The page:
Last week, the U.S. Equal Employment Opportunity Commission (EEOC) officially published proposed regulations that provide employers guidance on implementing wellness programs that comply with the Americans with Disabilities Act (“ADA”), 42 U.S.C. § 12101 et seq. Wellness programs are employee health programs and activities that are designed to promote healthy lifestyles and prevent disease. They generally fall into two categories:
- participatory, or (2) health-contingent.
- Participatory programs do not condition a reward based on an employee satisfying a particular health standard. Examples of participatory programs include fitness center reimbursements or rewards for participating in health risk assessments (“HRAs”) without requiring any further action by employees to address health issues identified in the HRAs.
- Health-contingent programs require that an employee satisfy a standard related to a particular health factor to obtain a reward. Programs may be activity-only, which require employees to perform or complete a certain activity, such as a diet or exercise program, prior to obtaining a reward. Alternatively, health-continent programs may be outcome-based, which require that an employee attain or maintain a certain health standard to receive a reward, such as not smoking or attaining certain results on a biometric screening.
The Proposed Regulations The ADA generally prohibits employers from making disability-related inquiries or requiring medical exams. Although wellness programs often include these activities, they would be permissible under the EEOC’s proposed regulations if:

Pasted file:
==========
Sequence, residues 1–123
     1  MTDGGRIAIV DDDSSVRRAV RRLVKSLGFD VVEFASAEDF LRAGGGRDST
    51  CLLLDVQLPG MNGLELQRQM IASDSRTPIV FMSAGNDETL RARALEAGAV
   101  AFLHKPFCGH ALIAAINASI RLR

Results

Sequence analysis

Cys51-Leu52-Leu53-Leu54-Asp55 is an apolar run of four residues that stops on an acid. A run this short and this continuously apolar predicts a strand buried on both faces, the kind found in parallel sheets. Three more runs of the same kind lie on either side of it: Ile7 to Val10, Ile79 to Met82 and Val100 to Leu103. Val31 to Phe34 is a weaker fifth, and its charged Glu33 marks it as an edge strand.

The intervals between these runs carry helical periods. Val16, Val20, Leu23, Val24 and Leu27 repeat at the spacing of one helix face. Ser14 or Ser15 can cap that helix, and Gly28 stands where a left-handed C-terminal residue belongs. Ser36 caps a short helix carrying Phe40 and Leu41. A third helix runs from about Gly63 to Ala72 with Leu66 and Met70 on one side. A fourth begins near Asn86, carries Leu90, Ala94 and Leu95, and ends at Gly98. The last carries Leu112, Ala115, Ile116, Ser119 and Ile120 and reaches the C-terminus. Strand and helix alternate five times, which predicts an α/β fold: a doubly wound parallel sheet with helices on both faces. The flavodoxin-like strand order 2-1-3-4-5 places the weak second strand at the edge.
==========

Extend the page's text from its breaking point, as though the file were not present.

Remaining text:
- The program is “voluntary.” Accordingly, an employer must not:
- require employees to participate;
- deny access to health coverage or generally limit coverage under its health plans for non-participation; or
- take any other adverse action or retaliate against, interfere with, coerce, intimidate, or threaten employees (such as by threatening to discipline someone who does not participate or fails to achieve certain health outcomes).
- Employers provide sufficient notice regarding wellness programs.1The notice must:
- be written such that participants are reasonably likely to understand it;
- set forth the medical information that will be obtained from a wellness program, as well as how the information will be specifically used; and
- explain who will receive the information obtained, the restrictions on the disclosure of such information, and the methods that will be used to ensure the information is not improperly disclosed.
- Medical information obtained through wellness programs is disclosed to an employer only in aggregate form, except as necessary to administer a health plan.
- Employers comply with all Health Insurance Portability and Accountability Act (“HIPAA”) requirements and ensure that all medical information obtained through wellness programs remains confidential.
- Any financial and in-kind incentives in the form of a reward or penalty offered as a method to promote participation in wellness programs total no more than 30% of the cost of employee-only coverage.2
In addition, the proposed regulations require that employers make reasonable accommodations to enable employees with disabilities to fully participate in employee health programs, including the ability to earn any reward or avoid any penalty offered as part of the programs. The proposed regulations also make clear that compliance with the proposed regulations and HIPAA nondiscrimination rules does not relieve employers of complying with all other employment nondiscrimination laws, such as those prohibiting discrimination on the basis of race, sex, national origin, or age.
Public comments may be made on the proposed regulations for 60 days, until June 19, 2015, and can be submitted at http://www.regulations.gov.